On Jan. 2, Dana Gresham, the former assistant secretary for government affairs at the Department of Transportation, became the only Black chief-of-staff for a Senate Democrat on the Hill.  Gresham’s appointment by Sen.-elect Doug Jones (D-Ala.), while widely celebrated, highlighted a generations-old lack of Black hires in key legislative positions.  And while those cavernous voids in Black talent thrived unchecked for decades, Gresham’s appointment comes as organizations, such as the Joint Center for Political and Economic Studies, began documenting congressional staffing issues – including a lack of diversity.

The Joint Center’s 2015 report, “Racial Diversity among Top Senate Staff,” found that African Americans account for 23 percent of Democratic voters, yet represent a mere 1.2 percent of Democratic top staff.  Additionally, more than 64 percent of people of color in the U.S. live in just ten states, of which key staff positions in Senate personal offices are held by just five staffers.  And within the personal offices of the two states with the most residents of color (California and Texas) there are no staffers of color in top staff positions.

Dana Gresham becomes the only Black chief-of-staff for a Democrat in U.S. Senate. (Courtesy photo)

“Many Senate offices from states with high numbers of racial minorities lack a top staffer of color. Data show that the dearth of senior staff of color is not solely a Republican or Democratic issue, but represents an institutional challenge,” James R. Jones, author of the Joint Center report concluded.  “While the task of diversifying the top Senate staff may appear daunting, U.S. Senators can take concrete steps to change this situation. Senators should increase transparency about who works in the Senate, use the Rooney Rule in all hiring decisions, and create senior-level fellowships with a third-party leadership organization.”

Jones also recommended Senate offices recruit fellows and interns from APAICS, CBCF, CHCI, and the GW Native American Political Leadership Program, provide a central office for diversity resources, develop diversity plans for each personal office and committee office, and require implicit bias training for staff.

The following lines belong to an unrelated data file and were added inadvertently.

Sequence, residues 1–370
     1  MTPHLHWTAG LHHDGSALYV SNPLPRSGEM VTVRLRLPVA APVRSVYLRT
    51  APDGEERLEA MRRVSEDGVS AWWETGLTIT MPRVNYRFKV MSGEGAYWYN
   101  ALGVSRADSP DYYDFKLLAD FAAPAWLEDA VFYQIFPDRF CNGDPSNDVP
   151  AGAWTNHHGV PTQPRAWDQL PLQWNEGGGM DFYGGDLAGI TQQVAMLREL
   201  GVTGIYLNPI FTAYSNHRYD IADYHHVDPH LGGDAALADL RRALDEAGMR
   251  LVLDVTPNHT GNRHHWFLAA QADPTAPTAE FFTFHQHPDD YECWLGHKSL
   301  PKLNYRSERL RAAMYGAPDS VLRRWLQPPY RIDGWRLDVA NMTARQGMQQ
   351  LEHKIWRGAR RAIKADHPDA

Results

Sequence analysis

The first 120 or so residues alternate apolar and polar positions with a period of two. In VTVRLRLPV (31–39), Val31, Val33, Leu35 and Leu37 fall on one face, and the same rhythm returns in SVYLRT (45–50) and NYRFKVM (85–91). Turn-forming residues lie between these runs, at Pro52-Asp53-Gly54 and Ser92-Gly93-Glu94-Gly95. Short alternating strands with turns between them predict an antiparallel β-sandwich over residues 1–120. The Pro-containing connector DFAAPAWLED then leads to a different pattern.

The Rooney Rule was devised as an organizational structure modeled after the National Football League (NFL) wherein the individually-owned teams decide their head coaching, management, and senior football operations hires. To address the lack of racial diversity among coaches and other management officials, the NFL established the Rooney Rule that required each team to interview a candidate of color along with any other contenders for vacant positions.  The Rooney Rule allows each team – or in this instance, each Senate office – to maintain final approval over hiring decisions and ensure that candidates of color are considered.   The rule is named after Dan Rooney, the former chairman of the league’s diversity committee (and former owner of the Pittsburgh Steelers), who introduced the affirmative action measure in 2002.

The Joint Centers mounted a sizeable campaign in 2017 to push for more diversity among Senate hires, which included enlisting the help of Senate Minority Leader Chuck Schumer, who called for an institution of Rooney Rules in March 2017.

“We must ensure the Senate be more reflective of our country’s diverse population. Expanding the diversity initiative, following the Rooney rule and dedicating ourselves to increasing diversity are important steps we can take to help achieve that goal and better serve our country,” Schumer said in a March statement.

Two Republican Senators have Black chiefs of staff: Tim Scott (S.C.) and Jerry Moran (Kan.).

Jones secured a sweeping victory over Republican Roy Moore to gain the Alabama Senate seat — due i large part to the increased participation of Blacks, whose exit poll tallies registered in the 90th-percentile for his leadership.

Gresham released no immediate statement.  The Joint Center, however, did celebrate Gresham’s appointment as a move toward better representation.

“The Joint Center commends Senator-elect Jones for his leadership and commitment to diversity. This is an important moment in the movement to make the Senate truly representative of all Americans. The Joint Center looks forward to continuing to work with Senator-elect Jones as he makes diversity a priority in building the rest of his staff,” said Don Bell, the Director of the Black Talent Initiative.